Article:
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Home at Last by Katherine Stone
(Warner, $6.99, PG) ISBN 0-446-60677-4
Home at Last is something of a departure for Katherine Stone. Traditionally her books have been large, complex stories with multiple romances. Her latest release is much tighter, focusing solely on the relationship between the hero and the heroine and taking place primarily over a short span of time. It is also more definitely a work of romantic suspense. Since it kept me up till 2:30 last night, the suspense must have worked.

Lucas Hunter is a lieutenant in the New York Police Department with a very special talent. He is able to get into the minds of criminals which has made him invaluable as a hostage negotiator. In fact, as the book opens, he has just returned from Australia where his actions had defused a very dangerous situation. He arrives home only to be thrust into another mess. A man is holding eight sick little girls hostage in the wing of a hospital. He has a grenade and is threatening to set it off.

But that is not all that awaits Lucas. A serial killer is on the loose and he is killing women who have some connection with Lucas Hunter. As he works to save the girls, he becomes aware that evil is at work, that the killer has struck again.

Galen Chandler is the very new anchorwoman on one of New York's most popular stations. Galen had been a reporter on a court TV network. Her transition both to an anchor position and to New York had not been smooth. Indeed, she has become the favorite target of the city's most powerful and ruthless gossip monger.

As the hostage situation escalates, Galen comes to Lucas with an important piece of information. She had visited the hospital floor and knows that one of the girls is the daughter of a famous tycoon. Lucas believes that Galen, like most news reporters, will not hesitate to broadcast this dangerous piece of information. So he promises her an interview, a promise he has no intention of keeping.

But something about Galen - her unconventional clothes, perhaps or her aura of fragility - convinces Lucas to talk to her. And he discovers that she will not in fact broadcast any information that might be harmful (which probably helps explain why she is not a great success as a news reader.)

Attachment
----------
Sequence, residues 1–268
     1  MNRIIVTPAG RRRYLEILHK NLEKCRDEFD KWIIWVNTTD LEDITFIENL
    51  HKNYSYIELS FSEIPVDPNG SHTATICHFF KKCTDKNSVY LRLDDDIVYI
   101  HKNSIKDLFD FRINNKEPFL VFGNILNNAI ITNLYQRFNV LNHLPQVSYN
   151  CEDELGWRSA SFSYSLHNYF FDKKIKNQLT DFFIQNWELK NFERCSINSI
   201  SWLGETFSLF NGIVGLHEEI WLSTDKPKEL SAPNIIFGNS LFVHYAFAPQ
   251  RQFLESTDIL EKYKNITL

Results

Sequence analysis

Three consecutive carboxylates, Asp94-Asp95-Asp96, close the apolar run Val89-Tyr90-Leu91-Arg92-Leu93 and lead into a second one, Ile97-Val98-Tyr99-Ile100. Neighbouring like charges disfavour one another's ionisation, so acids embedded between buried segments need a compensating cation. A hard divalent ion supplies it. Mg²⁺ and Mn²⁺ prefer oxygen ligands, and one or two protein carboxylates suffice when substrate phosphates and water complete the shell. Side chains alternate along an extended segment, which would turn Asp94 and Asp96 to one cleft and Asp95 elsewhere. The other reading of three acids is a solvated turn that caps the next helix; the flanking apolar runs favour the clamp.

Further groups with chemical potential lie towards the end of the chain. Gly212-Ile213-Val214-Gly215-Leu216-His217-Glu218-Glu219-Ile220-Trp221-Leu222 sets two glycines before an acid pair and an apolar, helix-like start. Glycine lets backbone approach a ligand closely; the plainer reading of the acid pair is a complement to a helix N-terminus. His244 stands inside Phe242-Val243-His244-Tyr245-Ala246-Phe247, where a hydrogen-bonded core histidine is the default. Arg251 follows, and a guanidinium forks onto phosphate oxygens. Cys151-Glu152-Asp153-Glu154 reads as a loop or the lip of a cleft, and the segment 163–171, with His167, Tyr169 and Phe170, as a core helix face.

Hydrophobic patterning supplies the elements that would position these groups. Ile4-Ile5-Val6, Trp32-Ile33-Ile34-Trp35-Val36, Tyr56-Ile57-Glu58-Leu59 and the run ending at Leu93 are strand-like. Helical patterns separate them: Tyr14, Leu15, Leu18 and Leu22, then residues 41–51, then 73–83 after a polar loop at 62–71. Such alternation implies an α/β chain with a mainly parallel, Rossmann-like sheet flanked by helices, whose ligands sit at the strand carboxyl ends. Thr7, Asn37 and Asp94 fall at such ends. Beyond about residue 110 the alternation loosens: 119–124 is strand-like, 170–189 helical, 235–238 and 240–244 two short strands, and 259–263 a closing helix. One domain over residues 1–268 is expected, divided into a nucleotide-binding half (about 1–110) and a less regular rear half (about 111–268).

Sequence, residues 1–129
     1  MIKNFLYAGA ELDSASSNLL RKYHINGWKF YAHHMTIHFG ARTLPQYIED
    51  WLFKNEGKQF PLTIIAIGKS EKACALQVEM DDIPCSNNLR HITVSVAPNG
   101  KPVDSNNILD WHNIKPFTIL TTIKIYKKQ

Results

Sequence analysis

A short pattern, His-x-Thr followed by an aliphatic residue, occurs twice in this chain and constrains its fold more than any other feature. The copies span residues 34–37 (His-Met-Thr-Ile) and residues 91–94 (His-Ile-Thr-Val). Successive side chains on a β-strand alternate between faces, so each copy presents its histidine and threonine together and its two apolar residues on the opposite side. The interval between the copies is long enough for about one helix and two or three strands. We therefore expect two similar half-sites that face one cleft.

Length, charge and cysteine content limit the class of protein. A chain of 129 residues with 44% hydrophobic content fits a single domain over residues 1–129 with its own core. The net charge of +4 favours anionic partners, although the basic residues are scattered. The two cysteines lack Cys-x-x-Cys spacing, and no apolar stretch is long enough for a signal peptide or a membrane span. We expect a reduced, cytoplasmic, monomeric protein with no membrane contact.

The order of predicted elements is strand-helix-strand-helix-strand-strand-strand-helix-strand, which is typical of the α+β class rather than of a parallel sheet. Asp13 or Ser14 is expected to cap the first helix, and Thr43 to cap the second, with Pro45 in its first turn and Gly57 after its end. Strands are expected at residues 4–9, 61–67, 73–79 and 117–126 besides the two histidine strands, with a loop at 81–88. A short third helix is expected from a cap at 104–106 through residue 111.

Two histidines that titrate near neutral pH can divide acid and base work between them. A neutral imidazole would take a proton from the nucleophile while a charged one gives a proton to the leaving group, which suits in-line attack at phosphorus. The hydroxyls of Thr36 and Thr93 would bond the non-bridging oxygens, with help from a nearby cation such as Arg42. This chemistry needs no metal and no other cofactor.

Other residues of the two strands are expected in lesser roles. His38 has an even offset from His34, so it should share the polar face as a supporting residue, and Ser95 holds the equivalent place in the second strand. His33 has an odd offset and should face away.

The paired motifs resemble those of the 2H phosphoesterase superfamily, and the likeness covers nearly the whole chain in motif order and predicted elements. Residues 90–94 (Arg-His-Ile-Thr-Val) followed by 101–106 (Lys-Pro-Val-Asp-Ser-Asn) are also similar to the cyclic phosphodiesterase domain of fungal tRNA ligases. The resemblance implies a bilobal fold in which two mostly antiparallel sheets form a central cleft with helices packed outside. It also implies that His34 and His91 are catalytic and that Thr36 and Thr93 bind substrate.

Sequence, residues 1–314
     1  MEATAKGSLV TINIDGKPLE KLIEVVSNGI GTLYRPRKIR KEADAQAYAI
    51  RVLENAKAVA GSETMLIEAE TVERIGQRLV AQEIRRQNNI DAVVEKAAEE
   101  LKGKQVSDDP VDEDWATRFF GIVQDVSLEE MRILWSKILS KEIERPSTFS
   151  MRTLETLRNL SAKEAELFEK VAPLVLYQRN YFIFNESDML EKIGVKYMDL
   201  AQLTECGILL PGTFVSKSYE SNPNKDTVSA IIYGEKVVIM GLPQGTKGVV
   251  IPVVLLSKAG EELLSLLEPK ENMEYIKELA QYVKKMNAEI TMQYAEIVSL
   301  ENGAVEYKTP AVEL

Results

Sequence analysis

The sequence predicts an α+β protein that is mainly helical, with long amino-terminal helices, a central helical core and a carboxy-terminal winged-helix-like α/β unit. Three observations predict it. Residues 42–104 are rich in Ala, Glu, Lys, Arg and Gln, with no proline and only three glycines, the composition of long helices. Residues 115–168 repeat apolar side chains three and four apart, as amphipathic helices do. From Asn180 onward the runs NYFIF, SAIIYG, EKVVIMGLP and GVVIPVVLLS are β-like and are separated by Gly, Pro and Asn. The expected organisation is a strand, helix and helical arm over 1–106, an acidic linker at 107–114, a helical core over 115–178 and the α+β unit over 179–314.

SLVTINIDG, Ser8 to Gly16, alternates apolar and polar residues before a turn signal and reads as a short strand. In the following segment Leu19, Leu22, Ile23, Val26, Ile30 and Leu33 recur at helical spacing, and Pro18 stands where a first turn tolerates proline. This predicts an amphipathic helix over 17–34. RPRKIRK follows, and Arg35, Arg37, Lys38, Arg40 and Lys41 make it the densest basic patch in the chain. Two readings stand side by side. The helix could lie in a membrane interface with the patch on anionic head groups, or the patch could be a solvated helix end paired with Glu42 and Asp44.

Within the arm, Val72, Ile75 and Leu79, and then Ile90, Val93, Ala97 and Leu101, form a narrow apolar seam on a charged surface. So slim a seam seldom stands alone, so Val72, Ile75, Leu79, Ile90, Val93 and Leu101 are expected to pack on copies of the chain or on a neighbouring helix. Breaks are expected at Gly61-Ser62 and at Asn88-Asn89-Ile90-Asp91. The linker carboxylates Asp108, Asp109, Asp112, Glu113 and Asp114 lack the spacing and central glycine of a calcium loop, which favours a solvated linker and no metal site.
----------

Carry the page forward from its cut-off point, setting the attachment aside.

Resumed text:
This brief encounter might have ended their relationship, but then the killer zeros in on Galen. She will be his conduit of information, his mouthpiece (and perhaps his victim.) Since Lucas needs to be privy to the murderer's thoughts and since Galen needs protection, he moves her into his apartment and listens in on the horrifying, sick conversations the murderer forces on his target. Trust me, they are pretty sick.

The forced association brings Galen and Lucas closer together and begins to break down the barriers that each has constructed against love. And they are sure high barriers. Each has dreadful personal histories and Lucas has the additional burden of his unwelcome but invaluable ability to enter into the minds of criminals, to think like them. These were characters I cared about and rooted for. They deserved their happy ending.

Although Home at Last does not have the sprawling nature of most of Stone's novels, it still has considerable complexity in its plotting and characterization. It also has Stone's patented use of medical matters to further the story. The mystery managed to keep me guessing, which is not always the case in romantic suspense novels.

Finally, there is Stone's writing. I spent some time tonight trying to figure out what it is about her style that is so singular that I actually hear her voice. I truly believe that I could identify Stone's writing if I read any chapter in any of her books. I can say this about very few authors. And darned if I can figure out why. I think there is a certain starkness and clarity in her prose, a certain rhythm, that I just hear. Whatever it is, I like it.

Home at Last certainly passed my "put down" test. I didn't want to put it down and I didn't.

--Jean Mason

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